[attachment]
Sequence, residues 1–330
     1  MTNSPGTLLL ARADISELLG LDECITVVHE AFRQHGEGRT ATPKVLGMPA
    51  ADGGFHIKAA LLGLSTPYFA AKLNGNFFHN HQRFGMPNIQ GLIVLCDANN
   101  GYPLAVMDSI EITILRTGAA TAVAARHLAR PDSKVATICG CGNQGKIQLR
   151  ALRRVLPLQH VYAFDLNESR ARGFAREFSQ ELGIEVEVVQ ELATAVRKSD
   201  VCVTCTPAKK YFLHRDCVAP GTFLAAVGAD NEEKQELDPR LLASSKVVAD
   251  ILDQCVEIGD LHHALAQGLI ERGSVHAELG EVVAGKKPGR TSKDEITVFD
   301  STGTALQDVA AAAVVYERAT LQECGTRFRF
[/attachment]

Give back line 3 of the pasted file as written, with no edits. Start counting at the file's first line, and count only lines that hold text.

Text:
    51  ADGGFHIKAA LLGLSTPYFA AKLNGNFFHN HQRFGMPNIQ GLIVLCDANN